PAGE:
By Sarah Payne
Movies coming out
Blade Runner 2049 – October 6th – Back in college, one of the more interesting English classes I took was about film, and one of the first essays I wrote for the class was a critical analysis of the original Blade Runner. Nothing quite makes you appreciate a film more than re-watching scene after scene to dig for symbolism and deeper meaning. That’s just one of the reasons I am excited about the sequel to the film, set 30 years after the original. Director Denis Villeneuve (Arrival, Sicaro) told the LA Times that he wanted to build on the aesthetic of the original, which was directed by Ridley Scott. He says, “The movie we did is deeply inspired by the first movie, but we tried not to become a pastiche or parody. We used elements form the first movie with humility and tried to find strength in them.” One constant you’ll notice is Harrison Ford returns as police officer Rick Deckard, opposite Ryan Gosling as an LAPD officer. I’m interested to see the dynamic between the actors on screen, especially after reading a recent interview with Ford in GQ, where he revealed he accidentally punched Gosling on set.
IT – I wasn’t too surprised that IT broke records last month for largest ever opening for a horror movie and the largest September opening of all time. After all, I was right in line with everyone else on opening night, waiting for the 9:15 showing because the first two showings were sold out. And for the most part, IT met my expectations. Let me preface this by saying I am not a diehard fan of the original movie or book. I went into the movie simply looking to be genuinely terrified. And the first time Pennywise the clown arrives on screen is truly horrifying. But after the first hour or so, the surprise starts to wear off. I think the film could be about 45 minutes shorter. However, I really enjoyed the dynamic between the group of outcast kids (“Losers’ Club”) who band together to fight Pennywise. Similar to his character in Netflix’s Stranger Things Finn Wolfhard has a lot of funny quips and one-liners. And Sophia Lillis, who is relatively unknown, reminds me of a young Molly Ringwald or Amy Adams.
Baroness von Sketch Show – In planning my column this month, I debated whether I should write about Baroness Von Sketch Show because it’s not technically a new show – at least not for Canadians. It debuted in June 2016 on CBC Television, but only recently started airing for an American audience on IFC. Aside from the fact that it’s Canadian, it’s also unique in that it features an all-female cast over the age of 40 – Carolyn Taylor, Meredith MacNeil, Aurora Browne, and Jennifer Whalen. If you like sketch comedy along the lines of Saturday Night Live and Portlandia, you’ll be an instant fan of Baroness Von Sketch Show. While it makes light of a lot of stereotypical issues women face – like watching your weight, keeping a neat house, and nude locker rooms – it appeals to both sexes (my boyfriend was actually the one who introduced me to the show). And the good news is there are only 13 episodes to catch up on before the next season premieres.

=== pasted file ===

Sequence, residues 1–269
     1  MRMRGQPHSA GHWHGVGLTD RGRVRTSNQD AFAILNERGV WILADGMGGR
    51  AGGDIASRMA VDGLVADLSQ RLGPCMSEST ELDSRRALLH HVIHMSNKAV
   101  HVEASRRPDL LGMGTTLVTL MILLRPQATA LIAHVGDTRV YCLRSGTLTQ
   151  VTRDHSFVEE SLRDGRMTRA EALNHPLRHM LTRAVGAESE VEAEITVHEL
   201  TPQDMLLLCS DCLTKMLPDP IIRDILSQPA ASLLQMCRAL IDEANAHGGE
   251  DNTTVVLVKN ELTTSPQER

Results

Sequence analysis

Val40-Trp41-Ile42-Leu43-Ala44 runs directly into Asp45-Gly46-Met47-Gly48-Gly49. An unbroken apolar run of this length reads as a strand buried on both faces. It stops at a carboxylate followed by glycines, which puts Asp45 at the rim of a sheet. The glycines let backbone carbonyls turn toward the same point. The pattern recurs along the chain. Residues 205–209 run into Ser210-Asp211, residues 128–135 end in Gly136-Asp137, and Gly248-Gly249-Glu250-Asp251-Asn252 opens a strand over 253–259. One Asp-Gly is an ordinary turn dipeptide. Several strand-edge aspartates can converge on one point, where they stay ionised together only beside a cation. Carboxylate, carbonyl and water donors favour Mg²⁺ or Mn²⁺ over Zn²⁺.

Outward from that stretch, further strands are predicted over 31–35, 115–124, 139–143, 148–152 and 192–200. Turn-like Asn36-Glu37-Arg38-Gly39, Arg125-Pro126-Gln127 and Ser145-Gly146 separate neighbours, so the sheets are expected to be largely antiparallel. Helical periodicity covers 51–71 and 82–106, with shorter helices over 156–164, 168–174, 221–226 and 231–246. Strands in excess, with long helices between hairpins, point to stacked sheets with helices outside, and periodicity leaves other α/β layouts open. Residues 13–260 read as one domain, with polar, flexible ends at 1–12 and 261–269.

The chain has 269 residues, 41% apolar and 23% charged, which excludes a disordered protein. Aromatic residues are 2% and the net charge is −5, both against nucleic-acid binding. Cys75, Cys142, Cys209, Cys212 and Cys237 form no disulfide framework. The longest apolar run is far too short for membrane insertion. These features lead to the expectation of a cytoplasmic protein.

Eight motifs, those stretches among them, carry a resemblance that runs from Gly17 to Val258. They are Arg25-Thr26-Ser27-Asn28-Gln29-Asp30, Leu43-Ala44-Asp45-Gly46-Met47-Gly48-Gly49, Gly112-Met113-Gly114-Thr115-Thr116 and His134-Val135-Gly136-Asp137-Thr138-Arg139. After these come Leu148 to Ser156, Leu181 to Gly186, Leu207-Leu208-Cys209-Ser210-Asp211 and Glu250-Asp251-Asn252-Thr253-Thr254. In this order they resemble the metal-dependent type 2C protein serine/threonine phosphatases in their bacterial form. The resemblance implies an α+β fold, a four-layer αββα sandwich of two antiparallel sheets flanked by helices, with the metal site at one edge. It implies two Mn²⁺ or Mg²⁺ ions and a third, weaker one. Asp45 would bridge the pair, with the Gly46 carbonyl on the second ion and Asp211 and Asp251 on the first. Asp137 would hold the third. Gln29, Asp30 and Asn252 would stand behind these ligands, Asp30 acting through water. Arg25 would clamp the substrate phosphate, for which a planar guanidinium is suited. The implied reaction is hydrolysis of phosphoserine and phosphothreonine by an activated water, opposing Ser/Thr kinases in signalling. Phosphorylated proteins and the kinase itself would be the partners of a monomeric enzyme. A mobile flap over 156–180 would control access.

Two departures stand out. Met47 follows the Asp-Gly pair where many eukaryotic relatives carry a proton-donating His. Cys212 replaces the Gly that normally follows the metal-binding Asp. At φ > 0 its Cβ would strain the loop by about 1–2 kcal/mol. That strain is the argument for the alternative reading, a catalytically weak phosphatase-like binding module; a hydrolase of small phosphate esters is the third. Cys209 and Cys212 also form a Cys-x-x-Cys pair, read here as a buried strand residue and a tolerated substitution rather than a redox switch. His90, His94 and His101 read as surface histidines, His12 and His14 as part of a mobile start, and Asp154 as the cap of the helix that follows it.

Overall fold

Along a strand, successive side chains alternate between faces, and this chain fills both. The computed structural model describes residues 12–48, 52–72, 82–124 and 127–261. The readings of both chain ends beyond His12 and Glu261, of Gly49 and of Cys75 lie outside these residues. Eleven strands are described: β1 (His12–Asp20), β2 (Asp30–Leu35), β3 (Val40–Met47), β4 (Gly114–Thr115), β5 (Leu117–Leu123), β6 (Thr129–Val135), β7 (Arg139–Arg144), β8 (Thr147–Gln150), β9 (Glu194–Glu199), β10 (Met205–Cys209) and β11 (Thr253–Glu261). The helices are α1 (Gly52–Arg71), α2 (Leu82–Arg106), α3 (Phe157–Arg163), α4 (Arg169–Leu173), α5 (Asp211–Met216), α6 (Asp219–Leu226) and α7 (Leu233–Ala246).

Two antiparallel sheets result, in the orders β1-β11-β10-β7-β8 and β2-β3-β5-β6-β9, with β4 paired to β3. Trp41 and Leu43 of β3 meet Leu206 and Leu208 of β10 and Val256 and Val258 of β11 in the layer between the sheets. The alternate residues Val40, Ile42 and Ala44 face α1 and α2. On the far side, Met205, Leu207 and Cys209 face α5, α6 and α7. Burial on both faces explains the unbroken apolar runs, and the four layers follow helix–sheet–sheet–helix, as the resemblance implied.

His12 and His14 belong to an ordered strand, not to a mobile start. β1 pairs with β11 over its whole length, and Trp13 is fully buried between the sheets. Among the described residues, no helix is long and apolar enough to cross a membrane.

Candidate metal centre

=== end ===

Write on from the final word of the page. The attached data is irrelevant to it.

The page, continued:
The Weeknd – I’ve written about The Weeknd’s last two albums over the last few years, and had the opportunity to see his show live at TD Garden in Boston last month. What surprised me most about the show was the sheer lack of talent in his opening acts – Gucci Mane and Nav. Both rappers lacked energy and stage presence. And from the crowds of people who waited to find their seats until after the rappers finished their acts, I’m assuming I wasn’t the only one who felt this way. Luckily, The Weeknd made up for their lackluster performances by playing nearly every hit he’s had on the radio these past few years – from “Starboy,” to “Party Monster,” and “Can’t Feel My Face.” He really does sounds just as good live as he does on his studio albums. I also liked that he also picked a few obscure, slower songs like “Angel,” that show off his vocals. I only wish he could have brought his friend Drake along for a guest appearance!